The service has been fine on every visit; attentive without hovering or trying to be your best friend. We typically set our reservations for 7 or 7:30 and it’s not unusual for us to stay at the table for 90 minutes or two hours; typical for an Indian restaurant, when we arriver they’re almost empty, and when we leave, they’re packed.

Pricing is moderate; we’ve spent about $50 a head on our two visits there, including cocktails, wine and tip. Of the various indian restaurants we eat at (including Maudhuban in Sunnyvale and Mynt in San Jose) this one’s rapidly become my favorite.

If you’re looking for something more Italian and upscale, you might want to try Tigelleria Risorante in Campbell, right on the edge of downtown. This is a small place doing very well-prepared Italian dishes using organic and heritage ingredients. The dishes are generally not complicated, but they are cooked as well as the chefs can make them. Menus are changed quarterly. They do both pastas and meats here, plus they do a full charcuterie with cheese, meat and veggie boards that include both locally sourced artisan meats and cheeses and high quality, imported italian options as well. I strongly — very strongly — recommend that at some point you bring a couple of friends and you all agree to share a few boards off of the charcuterie. You won’t regret it. As someone who’s occasionally driven to speaking in tongues by a well done cheese board, their selection left me speechless and whimpering.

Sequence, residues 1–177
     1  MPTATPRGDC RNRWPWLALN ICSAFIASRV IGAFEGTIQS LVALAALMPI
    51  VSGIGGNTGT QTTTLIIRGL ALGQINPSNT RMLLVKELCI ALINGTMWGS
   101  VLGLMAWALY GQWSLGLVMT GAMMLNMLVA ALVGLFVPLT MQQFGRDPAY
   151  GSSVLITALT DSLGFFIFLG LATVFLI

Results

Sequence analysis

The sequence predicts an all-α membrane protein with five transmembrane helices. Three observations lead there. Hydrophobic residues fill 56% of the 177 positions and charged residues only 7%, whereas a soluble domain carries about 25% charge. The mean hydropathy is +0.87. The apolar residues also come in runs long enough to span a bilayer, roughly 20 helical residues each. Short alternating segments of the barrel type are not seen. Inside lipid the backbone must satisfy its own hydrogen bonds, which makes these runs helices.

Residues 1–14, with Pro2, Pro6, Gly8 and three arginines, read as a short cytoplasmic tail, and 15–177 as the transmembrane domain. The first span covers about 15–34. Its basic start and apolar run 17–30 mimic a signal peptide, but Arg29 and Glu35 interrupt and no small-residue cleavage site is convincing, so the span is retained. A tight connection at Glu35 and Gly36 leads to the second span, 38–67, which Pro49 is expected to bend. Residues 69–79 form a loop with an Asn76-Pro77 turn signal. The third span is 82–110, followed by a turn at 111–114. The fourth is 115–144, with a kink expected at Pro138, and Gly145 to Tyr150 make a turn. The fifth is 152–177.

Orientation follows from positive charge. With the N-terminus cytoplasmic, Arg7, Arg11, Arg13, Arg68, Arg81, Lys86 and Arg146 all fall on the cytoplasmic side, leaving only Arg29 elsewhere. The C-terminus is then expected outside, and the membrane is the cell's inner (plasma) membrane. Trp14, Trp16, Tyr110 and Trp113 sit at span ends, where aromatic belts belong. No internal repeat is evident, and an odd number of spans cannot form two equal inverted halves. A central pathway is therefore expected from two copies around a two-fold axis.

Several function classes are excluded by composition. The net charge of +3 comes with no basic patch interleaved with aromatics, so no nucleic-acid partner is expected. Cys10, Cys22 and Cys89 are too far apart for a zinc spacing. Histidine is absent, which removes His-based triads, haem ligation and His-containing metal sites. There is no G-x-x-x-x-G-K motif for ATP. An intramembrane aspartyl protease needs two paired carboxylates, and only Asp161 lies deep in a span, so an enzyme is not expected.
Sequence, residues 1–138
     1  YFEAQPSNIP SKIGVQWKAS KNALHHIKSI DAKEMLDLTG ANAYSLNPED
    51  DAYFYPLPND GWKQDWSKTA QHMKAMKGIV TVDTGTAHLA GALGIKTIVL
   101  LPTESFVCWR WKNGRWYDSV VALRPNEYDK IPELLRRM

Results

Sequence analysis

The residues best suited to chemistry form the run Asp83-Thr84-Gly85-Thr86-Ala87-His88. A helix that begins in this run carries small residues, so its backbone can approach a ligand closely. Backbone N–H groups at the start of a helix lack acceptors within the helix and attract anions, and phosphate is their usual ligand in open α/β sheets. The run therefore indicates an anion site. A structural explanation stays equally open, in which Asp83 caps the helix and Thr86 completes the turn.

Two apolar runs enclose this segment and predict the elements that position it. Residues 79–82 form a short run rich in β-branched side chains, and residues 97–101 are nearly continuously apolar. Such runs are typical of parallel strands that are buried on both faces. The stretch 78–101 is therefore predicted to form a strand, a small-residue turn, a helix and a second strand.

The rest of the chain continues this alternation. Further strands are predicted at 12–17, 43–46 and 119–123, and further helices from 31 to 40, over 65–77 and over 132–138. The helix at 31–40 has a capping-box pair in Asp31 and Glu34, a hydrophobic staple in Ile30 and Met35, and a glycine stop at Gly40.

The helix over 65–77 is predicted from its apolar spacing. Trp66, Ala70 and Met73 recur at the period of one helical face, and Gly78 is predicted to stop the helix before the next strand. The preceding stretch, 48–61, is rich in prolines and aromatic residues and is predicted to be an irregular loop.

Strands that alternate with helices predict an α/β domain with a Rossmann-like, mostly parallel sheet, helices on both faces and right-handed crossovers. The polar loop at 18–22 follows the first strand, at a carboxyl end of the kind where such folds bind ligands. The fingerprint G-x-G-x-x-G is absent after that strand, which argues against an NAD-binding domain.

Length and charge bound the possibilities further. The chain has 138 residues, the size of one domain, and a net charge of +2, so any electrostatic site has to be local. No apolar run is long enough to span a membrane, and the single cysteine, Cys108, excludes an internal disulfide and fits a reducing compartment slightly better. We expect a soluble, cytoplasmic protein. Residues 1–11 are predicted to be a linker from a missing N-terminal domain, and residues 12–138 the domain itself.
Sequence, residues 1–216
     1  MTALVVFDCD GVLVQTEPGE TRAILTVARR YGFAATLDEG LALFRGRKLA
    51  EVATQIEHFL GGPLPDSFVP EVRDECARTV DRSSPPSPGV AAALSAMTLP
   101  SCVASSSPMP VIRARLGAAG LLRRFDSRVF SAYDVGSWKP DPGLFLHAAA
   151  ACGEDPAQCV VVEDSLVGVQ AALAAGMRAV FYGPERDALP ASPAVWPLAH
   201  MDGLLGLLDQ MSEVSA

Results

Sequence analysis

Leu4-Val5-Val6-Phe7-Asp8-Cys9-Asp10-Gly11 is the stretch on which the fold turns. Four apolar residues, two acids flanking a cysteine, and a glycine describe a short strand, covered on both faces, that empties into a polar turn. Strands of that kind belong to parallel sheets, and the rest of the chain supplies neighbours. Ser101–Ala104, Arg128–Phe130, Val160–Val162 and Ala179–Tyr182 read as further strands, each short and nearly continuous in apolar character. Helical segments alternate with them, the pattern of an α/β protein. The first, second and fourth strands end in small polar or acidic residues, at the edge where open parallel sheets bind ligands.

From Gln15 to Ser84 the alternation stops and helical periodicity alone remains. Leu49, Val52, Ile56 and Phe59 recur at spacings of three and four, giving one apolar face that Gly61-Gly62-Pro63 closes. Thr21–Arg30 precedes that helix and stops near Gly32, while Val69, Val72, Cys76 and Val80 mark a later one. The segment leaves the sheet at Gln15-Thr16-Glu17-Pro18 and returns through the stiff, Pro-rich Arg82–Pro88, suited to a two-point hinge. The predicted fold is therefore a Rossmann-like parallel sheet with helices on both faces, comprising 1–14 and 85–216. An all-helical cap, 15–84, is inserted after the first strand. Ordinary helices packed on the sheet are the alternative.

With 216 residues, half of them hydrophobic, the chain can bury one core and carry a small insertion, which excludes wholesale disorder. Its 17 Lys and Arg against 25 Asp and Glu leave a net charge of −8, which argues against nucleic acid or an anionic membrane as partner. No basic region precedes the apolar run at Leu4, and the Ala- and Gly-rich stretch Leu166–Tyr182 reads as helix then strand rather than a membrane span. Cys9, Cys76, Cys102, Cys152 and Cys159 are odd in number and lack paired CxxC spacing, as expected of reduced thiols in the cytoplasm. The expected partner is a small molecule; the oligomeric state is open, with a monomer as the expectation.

Our last visit, we tried their carpaccio and a gelato al peperoncino appetizer (chili pepper ice cream over arugula with aged vinegar and pine nuts); their soup was a carrot, potato and parmesan soup that was velvety and would have made a great entree, they’ll usually have a gnocchi on teh menu and it’s always been light and fluffy. Our last visit the menu included everything from squid ink noodles with shrimp and asparagus in a paprika and cream sauce to wild boar tenderloint to a seared duck breast that was cooked perfectly and was quite tasty in a wine and orange sauce. Their menu is appropriate for both vegetarians and carnivores, and as you can see, this is not your lasagna and pizza roadhouse.